LAJOS KOSSUTH, (1802–1894)

Posted: Friday, June 5, 2009

Hungarian politician, statesman, reformer, finance minister the head of government during Hungarian uprising against the Habsburgs in 1848–49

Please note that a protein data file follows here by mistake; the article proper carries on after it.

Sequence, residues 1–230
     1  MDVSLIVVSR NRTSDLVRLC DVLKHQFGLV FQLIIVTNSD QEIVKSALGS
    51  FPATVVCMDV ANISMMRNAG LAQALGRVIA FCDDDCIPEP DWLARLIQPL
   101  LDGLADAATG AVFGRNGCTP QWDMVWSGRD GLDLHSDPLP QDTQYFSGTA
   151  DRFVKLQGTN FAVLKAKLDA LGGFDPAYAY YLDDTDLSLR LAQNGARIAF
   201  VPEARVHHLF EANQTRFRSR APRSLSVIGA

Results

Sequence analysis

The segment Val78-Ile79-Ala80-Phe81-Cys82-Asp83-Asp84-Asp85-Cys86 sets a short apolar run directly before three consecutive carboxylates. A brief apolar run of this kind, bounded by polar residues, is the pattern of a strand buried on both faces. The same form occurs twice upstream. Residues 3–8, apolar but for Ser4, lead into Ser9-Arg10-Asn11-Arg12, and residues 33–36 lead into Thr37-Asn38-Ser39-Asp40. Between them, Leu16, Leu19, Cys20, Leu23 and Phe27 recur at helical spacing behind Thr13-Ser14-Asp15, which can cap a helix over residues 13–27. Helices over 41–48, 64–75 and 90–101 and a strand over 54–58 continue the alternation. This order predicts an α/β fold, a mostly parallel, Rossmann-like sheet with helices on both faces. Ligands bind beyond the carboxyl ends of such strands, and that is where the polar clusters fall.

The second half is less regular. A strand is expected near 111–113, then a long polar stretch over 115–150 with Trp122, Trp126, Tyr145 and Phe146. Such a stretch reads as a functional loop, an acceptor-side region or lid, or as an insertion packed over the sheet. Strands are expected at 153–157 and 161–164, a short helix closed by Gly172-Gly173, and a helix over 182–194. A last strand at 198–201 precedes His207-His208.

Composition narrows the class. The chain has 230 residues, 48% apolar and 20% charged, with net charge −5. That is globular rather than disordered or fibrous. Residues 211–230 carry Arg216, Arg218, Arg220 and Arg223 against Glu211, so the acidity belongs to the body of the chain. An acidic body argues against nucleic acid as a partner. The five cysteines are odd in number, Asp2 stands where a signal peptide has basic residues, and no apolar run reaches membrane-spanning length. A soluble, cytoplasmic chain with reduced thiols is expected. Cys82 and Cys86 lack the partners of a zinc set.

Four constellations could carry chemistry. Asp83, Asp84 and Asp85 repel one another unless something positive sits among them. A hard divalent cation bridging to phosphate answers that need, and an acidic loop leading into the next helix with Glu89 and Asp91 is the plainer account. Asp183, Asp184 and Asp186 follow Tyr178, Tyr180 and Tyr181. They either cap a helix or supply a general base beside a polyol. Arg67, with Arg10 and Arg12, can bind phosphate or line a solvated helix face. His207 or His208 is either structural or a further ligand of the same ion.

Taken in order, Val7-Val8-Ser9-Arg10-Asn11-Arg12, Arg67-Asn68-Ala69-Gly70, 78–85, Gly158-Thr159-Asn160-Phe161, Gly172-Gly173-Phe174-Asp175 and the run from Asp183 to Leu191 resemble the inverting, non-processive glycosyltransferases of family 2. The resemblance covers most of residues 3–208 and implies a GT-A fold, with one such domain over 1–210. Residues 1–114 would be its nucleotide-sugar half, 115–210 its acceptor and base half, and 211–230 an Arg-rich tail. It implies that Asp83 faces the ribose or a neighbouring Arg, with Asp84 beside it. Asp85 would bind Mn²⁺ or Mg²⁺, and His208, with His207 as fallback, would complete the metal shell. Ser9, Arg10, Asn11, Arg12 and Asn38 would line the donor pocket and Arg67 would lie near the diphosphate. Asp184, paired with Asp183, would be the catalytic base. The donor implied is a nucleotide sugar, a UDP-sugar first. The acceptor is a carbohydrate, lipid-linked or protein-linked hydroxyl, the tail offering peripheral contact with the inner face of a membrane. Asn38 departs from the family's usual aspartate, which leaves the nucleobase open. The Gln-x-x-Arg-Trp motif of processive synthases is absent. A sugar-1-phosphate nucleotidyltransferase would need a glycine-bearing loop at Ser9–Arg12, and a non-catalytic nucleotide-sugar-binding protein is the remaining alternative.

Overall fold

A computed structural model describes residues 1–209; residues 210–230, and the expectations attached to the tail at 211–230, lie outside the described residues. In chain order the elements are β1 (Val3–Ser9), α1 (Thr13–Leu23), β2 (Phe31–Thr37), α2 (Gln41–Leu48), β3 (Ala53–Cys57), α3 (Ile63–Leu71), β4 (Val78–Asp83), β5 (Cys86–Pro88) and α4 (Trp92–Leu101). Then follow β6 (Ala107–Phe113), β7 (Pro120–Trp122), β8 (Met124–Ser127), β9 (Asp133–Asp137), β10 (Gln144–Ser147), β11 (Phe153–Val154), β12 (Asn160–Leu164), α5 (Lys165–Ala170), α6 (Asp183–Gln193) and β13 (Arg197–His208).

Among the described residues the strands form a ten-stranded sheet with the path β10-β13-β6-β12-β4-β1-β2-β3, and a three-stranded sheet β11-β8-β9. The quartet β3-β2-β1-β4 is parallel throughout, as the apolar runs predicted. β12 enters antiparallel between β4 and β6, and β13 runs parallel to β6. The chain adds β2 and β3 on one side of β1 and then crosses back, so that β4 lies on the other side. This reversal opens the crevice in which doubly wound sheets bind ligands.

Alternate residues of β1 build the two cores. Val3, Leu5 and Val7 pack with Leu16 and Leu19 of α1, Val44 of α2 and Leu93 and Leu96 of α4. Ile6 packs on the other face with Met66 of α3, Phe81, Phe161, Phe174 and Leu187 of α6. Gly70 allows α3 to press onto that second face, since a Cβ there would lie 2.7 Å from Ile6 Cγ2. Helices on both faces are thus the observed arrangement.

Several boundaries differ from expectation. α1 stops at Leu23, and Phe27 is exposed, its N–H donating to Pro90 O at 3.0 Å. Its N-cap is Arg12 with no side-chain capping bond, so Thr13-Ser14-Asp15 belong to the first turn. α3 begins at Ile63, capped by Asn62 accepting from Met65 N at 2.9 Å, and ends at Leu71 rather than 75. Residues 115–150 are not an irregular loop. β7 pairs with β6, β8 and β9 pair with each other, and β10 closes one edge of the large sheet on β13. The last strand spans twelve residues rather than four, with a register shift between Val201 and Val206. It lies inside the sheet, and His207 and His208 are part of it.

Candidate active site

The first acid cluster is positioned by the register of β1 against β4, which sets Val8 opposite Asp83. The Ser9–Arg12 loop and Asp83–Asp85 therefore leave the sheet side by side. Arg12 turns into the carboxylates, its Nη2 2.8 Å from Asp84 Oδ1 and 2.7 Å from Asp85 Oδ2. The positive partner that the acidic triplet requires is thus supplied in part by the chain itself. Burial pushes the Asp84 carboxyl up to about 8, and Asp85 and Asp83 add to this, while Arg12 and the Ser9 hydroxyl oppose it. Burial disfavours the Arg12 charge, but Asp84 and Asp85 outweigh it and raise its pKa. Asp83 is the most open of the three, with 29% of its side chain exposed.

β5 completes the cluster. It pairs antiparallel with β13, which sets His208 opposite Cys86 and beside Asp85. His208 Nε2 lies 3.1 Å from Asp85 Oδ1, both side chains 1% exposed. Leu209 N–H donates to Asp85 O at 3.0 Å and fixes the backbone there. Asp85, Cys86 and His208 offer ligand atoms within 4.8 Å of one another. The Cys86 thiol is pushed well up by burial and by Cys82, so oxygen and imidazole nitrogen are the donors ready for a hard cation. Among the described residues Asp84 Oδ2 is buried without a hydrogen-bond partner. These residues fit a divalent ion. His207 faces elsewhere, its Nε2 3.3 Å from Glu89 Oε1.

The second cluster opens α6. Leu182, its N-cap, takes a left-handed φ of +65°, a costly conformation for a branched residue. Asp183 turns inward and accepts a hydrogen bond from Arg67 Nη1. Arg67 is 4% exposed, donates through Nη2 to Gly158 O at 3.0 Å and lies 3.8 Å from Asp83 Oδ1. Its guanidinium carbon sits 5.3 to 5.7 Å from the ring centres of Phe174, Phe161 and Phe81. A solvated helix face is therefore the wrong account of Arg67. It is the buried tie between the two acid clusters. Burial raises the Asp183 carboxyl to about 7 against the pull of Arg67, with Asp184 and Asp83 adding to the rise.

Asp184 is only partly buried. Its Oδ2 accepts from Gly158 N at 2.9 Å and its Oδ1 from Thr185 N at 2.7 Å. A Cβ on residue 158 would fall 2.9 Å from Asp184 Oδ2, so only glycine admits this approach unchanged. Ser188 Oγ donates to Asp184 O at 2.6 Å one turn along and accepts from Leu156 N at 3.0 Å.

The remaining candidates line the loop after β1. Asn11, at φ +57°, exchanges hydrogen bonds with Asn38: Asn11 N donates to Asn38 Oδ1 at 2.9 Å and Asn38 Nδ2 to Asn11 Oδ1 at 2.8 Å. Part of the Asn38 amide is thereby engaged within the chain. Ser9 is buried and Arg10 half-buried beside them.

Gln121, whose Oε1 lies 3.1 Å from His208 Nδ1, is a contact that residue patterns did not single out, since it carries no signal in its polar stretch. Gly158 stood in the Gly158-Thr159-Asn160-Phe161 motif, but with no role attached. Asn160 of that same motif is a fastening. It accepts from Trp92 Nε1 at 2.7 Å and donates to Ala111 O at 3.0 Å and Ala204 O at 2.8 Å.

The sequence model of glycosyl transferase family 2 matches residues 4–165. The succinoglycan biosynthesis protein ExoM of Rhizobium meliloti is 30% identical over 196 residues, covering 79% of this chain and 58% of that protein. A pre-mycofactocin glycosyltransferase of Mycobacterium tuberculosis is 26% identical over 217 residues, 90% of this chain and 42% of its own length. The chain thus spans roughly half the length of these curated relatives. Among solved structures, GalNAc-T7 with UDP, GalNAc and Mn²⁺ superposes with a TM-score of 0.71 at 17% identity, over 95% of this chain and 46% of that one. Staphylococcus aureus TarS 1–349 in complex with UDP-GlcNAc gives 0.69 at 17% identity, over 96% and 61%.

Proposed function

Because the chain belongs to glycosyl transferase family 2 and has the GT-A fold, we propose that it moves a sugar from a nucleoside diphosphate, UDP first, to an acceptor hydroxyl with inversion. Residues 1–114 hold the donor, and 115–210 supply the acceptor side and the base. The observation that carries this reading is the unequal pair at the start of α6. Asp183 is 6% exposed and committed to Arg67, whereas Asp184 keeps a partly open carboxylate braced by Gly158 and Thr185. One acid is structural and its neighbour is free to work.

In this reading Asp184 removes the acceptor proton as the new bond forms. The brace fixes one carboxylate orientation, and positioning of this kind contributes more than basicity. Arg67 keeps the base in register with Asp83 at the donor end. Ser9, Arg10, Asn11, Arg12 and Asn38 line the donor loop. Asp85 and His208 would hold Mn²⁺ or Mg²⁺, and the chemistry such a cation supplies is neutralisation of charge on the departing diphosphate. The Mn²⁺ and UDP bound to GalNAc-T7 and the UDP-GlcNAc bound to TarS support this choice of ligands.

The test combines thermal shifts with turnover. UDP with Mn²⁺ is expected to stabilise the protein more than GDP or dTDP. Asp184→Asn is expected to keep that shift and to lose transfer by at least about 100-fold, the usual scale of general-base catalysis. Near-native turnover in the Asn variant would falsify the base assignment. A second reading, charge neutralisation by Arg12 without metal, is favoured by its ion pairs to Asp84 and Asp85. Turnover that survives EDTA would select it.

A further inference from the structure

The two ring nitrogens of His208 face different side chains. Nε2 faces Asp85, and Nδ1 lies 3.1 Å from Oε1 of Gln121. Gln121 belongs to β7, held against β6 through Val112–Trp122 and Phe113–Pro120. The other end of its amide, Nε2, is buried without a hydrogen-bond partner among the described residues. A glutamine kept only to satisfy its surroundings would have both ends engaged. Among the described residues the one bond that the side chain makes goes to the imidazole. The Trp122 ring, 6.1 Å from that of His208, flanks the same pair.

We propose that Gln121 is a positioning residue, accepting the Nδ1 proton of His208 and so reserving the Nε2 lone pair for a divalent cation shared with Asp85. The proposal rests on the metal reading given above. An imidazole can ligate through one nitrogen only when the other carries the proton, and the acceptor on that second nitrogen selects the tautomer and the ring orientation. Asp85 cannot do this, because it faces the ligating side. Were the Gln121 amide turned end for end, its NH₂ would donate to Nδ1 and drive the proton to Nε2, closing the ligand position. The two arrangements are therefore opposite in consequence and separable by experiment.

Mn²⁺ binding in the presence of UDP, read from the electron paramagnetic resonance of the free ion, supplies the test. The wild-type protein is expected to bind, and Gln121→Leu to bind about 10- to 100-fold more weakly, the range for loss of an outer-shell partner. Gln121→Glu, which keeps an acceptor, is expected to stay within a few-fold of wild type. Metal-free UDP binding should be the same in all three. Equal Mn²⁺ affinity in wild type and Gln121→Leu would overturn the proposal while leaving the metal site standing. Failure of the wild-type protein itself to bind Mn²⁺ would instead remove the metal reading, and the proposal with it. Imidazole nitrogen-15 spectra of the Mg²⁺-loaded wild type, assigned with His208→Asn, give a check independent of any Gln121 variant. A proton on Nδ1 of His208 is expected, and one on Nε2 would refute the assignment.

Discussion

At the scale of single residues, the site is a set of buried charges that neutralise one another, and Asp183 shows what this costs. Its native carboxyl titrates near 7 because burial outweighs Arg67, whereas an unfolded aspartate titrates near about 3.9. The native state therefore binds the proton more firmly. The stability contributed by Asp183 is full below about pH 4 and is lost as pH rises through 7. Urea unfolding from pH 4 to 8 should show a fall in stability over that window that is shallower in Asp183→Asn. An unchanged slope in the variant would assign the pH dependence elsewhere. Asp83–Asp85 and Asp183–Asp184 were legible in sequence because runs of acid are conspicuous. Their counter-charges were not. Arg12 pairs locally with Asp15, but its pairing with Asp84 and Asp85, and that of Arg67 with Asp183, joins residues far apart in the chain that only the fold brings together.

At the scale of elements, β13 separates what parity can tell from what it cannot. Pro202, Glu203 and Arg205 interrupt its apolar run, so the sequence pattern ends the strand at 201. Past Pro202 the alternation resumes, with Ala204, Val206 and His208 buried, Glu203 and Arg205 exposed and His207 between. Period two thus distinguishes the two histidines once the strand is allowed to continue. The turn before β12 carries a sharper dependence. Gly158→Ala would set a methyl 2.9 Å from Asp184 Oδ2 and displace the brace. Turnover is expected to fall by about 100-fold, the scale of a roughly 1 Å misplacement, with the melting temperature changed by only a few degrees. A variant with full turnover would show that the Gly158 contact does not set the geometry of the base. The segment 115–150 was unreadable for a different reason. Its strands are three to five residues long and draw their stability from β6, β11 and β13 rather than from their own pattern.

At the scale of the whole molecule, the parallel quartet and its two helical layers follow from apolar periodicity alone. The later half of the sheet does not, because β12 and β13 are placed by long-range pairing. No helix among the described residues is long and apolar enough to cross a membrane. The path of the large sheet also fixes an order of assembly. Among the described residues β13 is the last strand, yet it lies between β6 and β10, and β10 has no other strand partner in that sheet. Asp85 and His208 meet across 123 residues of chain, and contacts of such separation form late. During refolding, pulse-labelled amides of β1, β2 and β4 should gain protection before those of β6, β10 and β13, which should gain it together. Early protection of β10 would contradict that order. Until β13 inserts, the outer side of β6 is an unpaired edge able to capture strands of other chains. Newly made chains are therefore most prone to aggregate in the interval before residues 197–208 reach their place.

His father, László, of Slovakian stock, was Lutheran, a lawyer by profession, representing landowners in his county of Zemplén. His mother, Karolina Weber, was German. An older sister died in childhood. Lajos had four younger sisters. In 1841 he married Terezia Meszlényi who bore him three sons and a daughter. He attended the Protestant academy Sárospatak and also studied law there, but it was only in 1824 that he obtained his law degree from University of Budapest. Unable to find a government position, he began to work for one of his father’s clients, Etelka Andrássy, with whom he was reported to have had a close relationship. He first attracted public attention with a major speech he made in the summer of 1831 on behalf of the Poles, who were then fighting a heroic battle against the Russians for their independent nationhood. In 1832 Mme. Andrássy arranged for him to serve as a deputy delegate in the national Diet at Pozsony, an assignment that somewhat relieved his narrow, confining existence. In Pozsony he established contact with various reform-minded politicians. Noting that no minutes were kept of the proceedings of the Diet, he began to write informal reports, in colorful, arresting prose. Some of his colleagues copied his reports and distributed them. His political philosophy had no clear focus, but he was oppositionist in temperament and found much to oppose in the Habsburg Empire, whose policies were still directed by the heavy-handed and stubbornly conservative KLEMENS VON METTERNICH. Kossuth’s term of service in Pozsony ended in 1836; by then his reports had attracted so much attention that the Pest County Assembly invited him to cover its proceedings as well. He published these accounts under the title Törvényhatósági Tudositások (Municipal board reports), but whereas in Pozsony he had been protected by his parliamentary immunity, in Pest he was a freelancer, responsible for what he wrote, and in 1837, after a long investigative detainment, he was sentenced to four years in prison. His “crime” was to attack feudal privilege and to speak in favor of Hungary’s constitutional independence and in defense of civil liberties. For all his liberal posturing, he was an elitist, firmly believing that his contemplated reforms could be accomplished only under the leadership of the nobility.